In 2022, Marriott changed the way that hotels were priced when people redeemed points, and implied that in 2023 there would be no more limits on the maximum number of points it would cost to book one of their hotels. If you heard this news and were worried that the value of your Marriott points would go down, I'm happy to say that after looking at the cost and points of many hotels around the world, things are not quite as bad as many people expected. In this video, I'll tell you what I discovered about how Marriott prices their hotels when people redeem points, the overall average value of Marriott points, and the best places to use your points based on my data. The first thing you have to understand is the Award chart that Marriott used up until early 2022. Under that system, hotels would belong to a category from one to eight, and in general, they would cost one of three different amounts of points based on whether a night was considered.
What It Means for Your Points and Hotel Bookings
Peak standard or off-peak? In March of 2022, Marriott switched to Dynamic pricing, so it's no longer possible to search for a hotel by its category. Under Dynamic pricing, the original off-peak and Peak prices became the minimum and maximum, and hotels could be priced any amount within that range rather than just three different prices. Marriott also announced that the maximum number of points it would cost to book just over 200 of their hotels would go up. Based on my research, it's essentially meant that they moved up one category. There were also some hotels in category 8 that increased so that their maximum cost is now 120,000 points. This essentially created a new category nine, and based on my research, the minimum price for a category nine hotel is 80,000 points. Occasionally, some Hotel owls will also have Point Savers promotions, and before March 2022, the Point Savers cost would have been the numbers shown.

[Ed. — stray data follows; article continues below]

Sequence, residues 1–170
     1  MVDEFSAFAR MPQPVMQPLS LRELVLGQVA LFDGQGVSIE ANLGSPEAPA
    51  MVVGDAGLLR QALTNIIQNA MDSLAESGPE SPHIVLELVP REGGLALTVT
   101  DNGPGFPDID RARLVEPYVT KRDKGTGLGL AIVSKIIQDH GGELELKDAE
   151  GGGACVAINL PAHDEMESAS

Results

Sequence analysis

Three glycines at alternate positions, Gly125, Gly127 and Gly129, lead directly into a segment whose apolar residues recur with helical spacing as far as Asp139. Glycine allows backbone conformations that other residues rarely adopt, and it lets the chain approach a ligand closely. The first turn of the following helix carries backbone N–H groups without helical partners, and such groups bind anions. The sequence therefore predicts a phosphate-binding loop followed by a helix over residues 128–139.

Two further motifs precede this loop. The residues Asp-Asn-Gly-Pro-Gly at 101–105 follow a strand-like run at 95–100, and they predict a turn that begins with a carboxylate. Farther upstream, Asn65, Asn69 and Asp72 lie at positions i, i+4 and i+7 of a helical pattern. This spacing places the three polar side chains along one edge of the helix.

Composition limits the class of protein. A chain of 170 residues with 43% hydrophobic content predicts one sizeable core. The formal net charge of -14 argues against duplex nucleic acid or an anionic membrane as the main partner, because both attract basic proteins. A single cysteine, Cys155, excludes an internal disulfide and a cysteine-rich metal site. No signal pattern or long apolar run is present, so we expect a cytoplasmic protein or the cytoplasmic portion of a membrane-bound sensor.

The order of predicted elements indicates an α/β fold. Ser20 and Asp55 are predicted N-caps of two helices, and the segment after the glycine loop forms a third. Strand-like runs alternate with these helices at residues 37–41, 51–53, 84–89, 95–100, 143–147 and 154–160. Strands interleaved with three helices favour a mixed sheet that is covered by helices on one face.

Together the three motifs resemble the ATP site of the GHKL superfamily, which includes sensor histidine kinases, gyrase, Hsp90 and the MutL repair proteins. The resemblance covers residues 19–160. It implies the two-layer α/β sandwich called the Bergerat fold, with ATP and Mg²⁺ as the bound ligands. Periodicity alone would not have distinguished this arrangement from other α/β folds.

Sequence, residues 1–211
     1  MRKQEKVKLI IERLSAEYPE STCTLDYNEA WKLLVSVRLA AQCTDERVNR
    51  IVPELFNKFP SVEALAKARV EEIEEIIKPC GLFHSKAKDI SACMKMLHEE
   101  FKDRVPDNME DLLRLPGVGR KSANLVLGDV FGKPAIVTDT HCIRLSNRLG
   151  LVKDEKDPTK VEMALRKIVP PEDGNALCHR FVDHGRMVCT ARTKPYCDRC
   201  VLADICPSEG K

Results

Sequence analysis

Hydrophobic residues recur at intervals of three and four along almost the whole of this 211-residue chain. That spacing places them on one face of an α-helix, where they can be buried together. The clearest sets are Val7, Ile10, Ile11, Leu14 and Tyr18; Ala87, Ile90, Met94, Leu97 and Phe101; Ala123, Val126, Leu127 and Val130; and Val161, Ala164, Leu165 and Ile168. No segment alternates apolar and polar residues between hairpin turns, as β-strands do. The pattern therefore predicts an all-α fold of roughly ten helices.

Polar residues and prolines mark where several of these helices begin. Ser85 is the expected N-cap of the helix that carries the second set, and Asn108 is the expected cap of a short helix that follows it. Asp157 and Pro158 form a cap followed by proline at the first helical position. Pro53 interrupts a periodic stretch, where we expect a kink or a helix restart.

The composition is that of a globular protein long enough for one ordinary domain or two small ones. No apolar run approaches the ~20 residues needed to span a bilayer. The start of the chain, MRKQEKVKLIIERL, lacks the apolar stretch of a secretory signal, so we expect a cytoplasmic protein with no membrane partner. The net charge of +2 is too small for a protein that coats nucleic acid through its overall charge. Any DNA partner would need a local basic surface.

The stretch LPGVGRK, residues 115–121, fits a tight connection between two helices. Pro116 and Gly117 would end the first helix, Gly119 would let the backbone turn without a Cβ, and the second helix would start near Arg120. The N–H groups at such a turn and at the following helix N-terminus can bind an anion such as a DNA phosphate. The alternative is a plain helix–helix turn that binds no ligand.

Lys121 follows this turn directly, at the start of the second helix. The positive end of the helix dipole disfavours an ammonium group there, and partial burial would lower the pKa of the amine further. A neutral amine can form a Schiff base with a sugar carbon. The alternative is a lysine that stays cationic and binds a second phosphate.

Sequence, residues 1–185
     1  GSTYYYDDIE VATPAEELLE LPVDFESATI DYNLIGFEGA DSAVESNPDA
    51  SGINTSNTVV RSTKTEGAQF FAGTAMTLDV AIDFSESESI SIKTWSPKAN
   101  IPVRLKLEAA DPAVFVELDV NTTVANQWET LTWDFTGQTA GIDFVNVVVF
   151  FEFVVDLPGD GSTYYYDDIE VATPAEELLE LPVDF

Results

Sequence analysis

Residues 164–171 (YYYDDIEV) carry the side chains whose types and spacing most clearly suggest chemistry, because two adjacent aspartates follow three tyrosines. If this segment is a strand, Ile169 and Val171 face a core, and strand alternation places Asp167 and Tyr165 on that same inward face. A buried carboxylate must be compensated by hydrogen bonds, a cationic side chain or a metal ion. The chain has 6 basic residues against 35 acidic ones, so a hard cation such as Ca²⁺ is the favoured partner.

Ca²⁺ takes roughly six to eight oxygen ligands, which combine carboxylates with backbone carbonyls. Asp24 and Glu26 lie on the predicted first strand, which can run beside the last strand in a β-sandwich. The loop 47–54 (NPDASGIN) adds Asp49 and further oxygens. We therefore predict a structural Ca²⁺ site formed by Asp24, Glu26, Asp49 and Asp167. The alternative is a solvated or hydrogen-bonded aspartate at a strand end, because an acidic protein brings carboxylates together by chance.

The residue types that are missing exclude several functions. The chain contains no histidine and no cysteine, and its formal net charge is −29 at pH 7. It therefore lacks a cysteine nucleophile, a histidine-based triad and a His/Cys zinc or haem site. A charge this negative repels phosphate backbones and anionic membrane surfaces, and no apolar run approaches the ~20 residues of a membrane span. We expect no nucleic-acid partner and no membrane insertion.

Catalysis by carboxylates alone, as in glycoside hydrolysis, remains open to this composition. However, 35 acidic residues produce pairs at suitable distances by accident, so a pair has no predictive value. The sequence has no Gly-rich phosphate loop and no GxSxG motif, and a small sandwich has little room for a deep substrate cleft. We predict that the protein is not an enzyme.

On screen, after the change to Dynamic pricing, I found that the Point Savers rates were basically a 20% discount, meaning there are actually hotels that could now have some nights that cost less than they did before the change to Dynamic pricing. An example is this Moxie in Paris which, as a Category 5, has a Point Savers price of twenty-four thousand eight hundred points. While before the change in March 2022 it would have had a Point Savers cost of 27,500 points, but that was 2022. So how do things work now? To find out, I tried to find the costs and points of hotels in every single points category in every region of the world. You can look at my research methodology in more detail in the description of this video, but essentially what I found is that this nine-category Award chart still exists.
Unlocking Savings with Marriott's Dynamic Pricing System
Even though it's not publicly available, there is one major change to it. Though, before I go into that, the things that didn't change are the minimum prices and the point Savers rates. The change is to the points maximums, and that's now shown on screen. Categories four and nine actually didn't change, and there was a five percent increase in categories one, three, five, and six, and a less than seven percent increase for the other categories. Given that inflation in the United States was over seven percent in 2022, even if you only use your points for Peak nights, the value of your points went down less than the value of your actual money. If you happen to have an 85,000 Point free night certificate, such as the ones that you would get from the Marriott Bonvoy Brilliant card, you might be concerned though that those cannot.